It is widely understood amongst lawyers and non-lawyers alike that where contracting parties' terms and conditions pass to and fro as part of a commercial negotiation, the party who fires the "last shot" usually wins the so-called "battle of the forms".

However in the recent decision of TRW Ltd v Panasonic Industry Europe GmbH & Anor, the Court of Appeal agreed with the decision of the lower court that in some circumstances the "first shot" could win the battle.

In this case, the battle was over competing jurisdiction clauses. Panasonic argued that the courts of Hamburg had jurisdiction over the dispute concerning defective products it supplied when TRW signed Panasonic's "customer file" incorporating its own General Terms and Conditions. TRW, however, contended that the supply dispute was to be governed by the terms of its own purchase orders which conferred jurisdiction on the English Court under the provisions of the Brussels Recast Regulation.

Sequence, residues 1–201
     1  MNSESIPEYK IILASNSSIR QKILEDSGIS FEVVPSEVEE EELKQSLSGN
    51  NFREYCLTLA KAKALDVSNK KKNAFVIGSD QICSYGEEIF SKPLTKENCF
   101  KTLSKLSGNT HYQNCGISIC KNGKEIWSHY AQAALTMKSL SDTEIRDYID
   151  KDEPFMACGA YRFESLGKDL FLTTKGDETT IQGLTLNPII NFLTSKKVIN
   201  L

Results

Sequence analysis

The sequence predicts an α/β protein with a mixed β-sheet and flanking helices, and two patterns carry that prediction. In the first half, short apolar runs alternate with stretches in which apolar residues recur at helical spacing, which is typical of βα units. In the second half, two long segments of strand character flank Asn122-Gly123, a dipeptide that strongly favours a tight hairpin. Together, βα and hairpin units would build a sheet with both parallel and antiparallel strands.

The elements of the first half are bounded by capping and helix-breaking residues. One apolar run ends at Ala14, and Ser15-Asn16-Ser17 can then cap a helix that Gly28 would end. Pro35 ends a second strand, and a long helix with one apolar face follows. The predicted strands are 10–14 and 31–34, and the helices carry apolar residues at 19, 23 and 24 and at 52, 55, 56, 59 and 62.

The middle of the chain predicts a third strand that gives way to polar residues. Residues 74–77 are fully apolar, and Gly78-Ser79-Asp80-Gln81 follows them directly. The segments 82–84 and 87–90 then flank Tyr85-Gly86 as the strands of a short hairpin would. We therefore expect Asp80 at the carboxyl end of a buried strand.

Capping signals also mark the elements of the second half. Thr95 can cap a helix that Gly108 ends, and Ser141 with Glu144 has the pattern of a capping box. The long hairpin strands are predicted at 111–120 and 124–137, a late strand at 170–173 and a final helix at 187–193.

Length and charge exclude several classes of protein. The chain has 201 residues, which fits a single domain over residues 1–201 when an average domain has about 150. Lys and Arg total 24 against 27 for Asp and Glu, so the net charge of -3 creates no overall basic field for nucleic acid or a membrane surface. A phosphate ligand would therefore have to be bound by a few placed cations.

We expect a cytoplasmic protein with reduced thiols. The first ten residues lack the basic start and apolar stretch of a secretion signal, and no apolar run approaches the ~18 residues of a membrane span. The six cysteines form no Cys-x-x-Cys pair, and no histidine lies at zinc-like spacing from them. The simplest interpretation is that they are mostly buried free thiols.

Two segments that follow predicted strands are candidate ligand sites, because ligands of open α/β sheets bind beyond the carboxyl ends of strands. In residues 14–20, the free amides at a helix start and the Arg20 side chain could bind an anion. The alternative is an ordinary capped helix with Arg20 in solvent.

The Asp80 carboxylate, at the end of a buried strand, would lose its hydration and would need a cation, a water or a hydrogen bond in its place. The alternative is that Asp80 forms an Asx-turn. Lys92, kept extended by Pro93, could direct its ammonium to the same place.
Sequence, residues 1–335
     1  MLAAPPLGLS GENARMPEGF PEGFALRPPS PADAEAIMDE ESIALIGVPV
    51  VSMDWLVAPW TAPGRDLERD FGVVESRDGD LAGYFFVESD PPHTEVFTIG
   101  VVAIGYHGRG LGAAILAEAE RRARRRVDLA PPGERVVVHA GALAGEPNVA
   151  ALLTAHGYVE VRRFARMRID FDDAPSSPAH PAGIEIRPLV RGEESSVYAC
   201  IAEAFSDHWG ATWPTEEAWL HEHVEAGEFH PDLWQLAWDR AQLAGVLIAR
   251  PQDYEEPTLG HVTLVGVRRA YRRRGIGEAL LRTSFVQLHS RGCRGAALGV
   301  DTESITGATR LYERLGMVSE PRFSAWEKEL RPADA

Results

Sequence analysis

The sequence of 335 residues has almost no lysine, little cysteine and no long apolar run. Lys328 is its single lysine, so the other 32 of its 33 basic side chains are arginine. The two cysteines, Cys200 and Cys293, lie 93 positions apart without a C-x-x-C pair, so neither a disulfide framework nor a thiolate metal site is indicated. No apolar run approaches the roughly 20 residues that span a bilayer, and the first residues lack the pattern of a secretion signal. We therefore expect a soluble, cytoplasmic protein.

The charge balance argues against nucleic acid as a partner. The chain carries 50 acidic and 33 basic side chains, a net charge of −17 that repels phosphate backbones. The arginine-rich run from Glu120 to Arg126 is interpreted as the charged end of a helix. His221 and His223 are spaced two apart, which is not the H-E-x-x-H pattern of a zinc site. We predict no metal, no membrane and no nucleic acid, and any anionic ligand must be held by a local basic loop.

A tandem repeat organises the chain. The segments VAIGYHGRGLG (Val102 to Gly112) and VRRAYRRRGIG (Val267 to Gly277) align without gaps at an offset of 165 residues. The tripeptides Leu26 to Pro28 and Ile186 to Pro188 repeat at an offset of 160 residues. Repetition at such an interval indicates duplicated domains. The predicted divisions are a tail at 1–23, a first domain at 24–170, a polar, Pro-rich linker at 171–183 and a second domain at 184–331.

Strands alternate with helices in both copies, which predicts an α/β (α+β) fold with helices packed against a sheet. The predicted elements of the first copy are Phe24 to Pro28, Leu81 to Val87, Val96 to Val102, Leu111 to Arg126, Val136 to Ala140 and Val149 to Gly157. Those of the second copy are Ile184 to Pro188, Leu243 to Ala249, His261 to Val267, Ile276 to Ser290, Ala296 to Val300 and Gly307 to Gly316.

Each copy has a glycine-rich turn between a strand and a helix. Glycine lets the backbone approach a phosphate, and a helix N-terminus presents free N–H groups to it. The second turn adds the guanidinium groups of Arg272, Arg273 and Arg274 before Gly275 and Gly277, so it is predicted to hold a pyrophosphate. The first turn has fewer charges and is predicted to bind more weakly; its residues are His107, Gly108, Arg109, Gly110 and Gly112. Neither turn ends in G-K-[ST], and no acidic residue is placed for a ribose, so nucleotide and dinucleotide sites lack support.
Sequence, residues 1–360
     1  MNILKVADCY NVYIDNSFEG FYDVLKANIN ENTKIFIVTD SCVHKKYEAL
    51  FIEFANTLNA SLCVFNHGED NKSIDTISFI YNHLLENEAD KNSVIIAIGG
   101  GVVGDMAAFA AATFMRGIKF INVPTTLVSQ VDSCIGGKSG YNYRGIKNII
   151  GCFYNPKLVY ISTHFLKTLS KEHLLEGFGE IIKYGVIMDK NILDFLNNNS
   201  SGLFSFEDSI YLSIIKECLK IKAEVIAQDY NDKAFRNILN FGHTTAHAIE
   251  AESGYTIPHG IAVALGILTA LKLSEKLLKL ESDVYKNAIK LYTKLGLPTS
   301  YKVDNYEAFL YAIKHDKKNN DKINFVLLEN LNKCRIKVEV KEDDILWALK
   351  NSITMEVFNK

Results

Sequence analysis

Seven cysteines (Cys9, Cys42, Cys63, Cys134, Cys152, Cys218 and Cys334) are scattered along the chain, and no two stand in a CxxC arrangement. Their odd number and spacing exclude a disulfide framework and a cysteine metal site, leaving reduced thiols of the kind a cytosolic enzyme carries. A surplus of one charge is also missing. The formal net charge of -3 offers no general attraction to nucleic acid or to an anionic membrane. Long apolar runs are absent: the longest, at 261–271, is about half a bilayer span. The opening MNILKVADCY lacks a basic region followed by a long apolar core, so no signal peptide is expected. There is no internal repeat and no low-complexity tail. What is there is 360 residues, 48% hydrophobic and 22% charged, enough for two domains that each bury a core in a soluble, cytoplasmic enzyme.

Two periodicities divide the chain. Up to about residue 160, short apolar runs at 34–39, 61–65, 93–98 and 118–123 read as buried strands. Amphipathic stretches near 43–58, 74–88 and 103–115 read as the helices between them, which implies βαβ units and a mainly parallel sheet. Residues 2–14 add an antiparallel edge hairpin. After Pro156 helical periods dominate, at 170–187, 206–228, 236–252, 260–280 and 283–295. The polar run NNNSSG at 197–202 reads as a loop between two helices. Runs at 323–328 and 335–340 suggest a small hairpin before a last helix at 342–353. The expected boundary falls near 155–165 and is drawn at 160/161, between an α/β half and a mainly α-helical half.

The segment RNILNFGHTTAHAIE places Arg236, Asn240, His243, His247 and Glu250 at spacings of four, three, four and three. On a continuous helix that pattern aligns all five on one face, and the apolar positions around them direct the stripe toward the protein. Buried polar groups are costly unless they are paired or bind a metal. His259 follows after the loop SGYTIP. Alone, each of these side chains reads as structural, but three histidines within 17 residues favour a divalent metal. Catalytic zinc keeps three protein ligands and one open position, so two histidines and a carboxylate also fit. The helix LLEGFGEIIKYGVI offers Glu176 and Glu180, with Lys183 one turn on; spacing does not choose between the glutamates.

In this case the judge of the lower court had considered what was the "key event" in the battle of the forms, determining that TRW's agreement to Panasonic's General Terms and Conditions was the only occasion where one party signed a document which referred to the other sides' terms and conditions and was therefore the only overt sign of an agreement. As Lord Justice Coulson put it "[t]o continue the warfare analogy commonly used in these cases, it was the only occasion when one side walked across no-man's land, and fraternised with the enemy".

The decision does not necessarily change the legal landscape, but shows how courts will apply sharp focus to exchanges of "small print", and objectively assess whether a party has fired a shot in the battle at all.

"To continue the warfare analogy commonly used in these cases, it was the only occasion when one side walked across no-man's land, and fraternised with the enemy"

 https://www.judiciary.uk/publications/trw-limited-v-.....